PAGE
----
5 Day Challenge – a retrospective
This past week I participated in the “Poverty Fast” with my church family in Illinois. While I could not commit to the “no caffeine” rule without getting a headache at work, I pretty much followed the rest of the guidelines. Everyday food intake was restricted to one cup oatmeal for breakfast and a one cup portion of rice and beans for lunch and dinner, and unchilled tap water. There were still many choices: white rice, brown rice, wild rice,… pinto beans, black-eyed peas, etc. which made the challenge a bit sterile. The point of the discipline is to provide practical insight into how the bottom (3+) billion live everyday. After 5 “hard” days, I can honestly say I still feel I have no idea! But here are some of my thoughts and feelings at the end of the challenge.
I got to end my fast with a french dipped roast beef sandwich at Phillippe’s and snacks at a Dodger game, I could not stop thinking about the reality that there are still over 3 billion people who cannot end their “fast” and they will still be hungry tonight and tomorrow and….
During the week, I chose to say “No” to food, but everywhere I looked there were people eating, there were advertisements, there were restaurants and vendors. I was “alone” in my attempt, yet I know that in most places poverty is not singular. It affects families, villages, cultures, and countries as a whole. And though I am now more aware of how “the other half” lives, I am no less overwhelmed as to how to even begin to make a difference, other than to pay attention as to how I eat and how much money I spend on my own eating.
I know that our own culture bombards us with food channels, cookbooks, “convenience and fast” foods, all at the same time “they” are telling us how obese we have become. It is almost as though we worship food; I know that what we really worship is ourselves and one of the ways we do that is by spending “our” money on our own “needs” and happiness, which includes many excesses such as food and “stuff”. Also, I am not sure that the experience helped change my disposition; all our wealth and choices does not seem to make us any happier. We are still the whiniest people ever! And another thing, as I ate my simple meals I had very little preparation. There is no concept of how food is grown, how much time it takes to process and prepare it from start to finish. As others spend the majority of their day gathering and doing whatever it takes to survive, I can run to the store and spend more than the daily wage of those in poverty to get something all ready to pop in the microwave. And I don’t have to haul dirty water from miles away either. I suppose that to really change my perspective I would have to live in “another woman’s hut” (aka walk a mile in another’s shoes) for much longer than five days.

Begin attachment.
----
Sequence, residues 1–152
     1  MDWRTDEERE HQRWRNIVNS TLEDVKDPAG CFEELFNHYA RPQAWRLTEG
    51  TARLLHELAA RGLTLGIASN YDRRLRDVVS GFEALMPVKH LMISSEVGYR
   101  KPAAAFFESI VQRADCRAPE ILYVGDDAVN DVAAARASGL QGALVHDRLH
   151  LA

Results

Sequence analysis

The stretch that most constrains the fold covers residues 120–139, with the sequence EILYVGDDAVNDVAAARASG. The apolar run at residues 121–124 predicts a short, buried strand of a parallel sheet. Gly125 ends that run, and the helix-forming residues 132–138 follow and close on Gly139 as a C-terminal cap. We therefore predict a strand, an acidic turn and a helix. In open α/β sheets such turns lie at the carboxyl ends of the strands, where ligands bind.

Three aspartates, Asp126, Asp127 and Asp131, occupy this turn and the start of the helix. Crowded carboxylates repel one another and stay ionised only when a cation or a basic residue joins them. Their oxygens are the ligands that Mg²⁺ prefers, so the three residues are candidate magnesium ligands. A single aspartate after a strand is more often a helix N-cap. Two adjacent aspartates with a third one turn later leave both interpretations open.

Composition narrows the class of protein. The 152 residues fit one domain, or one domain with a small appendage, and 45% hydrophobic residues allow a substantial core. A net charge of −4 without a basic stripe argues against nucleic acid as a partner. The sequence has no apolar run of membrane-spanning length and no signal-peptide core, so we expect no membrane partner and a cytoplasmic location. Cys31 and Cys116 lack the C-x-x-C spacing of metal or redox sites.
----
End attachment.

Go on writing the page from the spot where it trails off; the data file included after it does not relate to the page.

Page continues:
There are so many reasons why poverty exists and why it continues to be perpetuated. But I cannot change to fact that as one of the few who was privileged to be born into the wealthiest country on earth, wealth is a responsibility and not just a blessing. Nevertheless, the experience has made me much more conscious and sensitive to a dire global situation. For God’s kingdom to come on earth, it takes those of us in the Kingdom to live like the King every moment of every day, learning to see with His eyes and care with his heart. For a bare minimum start, it means learning to live with less so that others can have more.
To quote my friend Michael Benzing, who is already seated at the banquet table in God’s house,” How can you eat like no one else is hungry?!”
PS – The plan is shown in the comment section!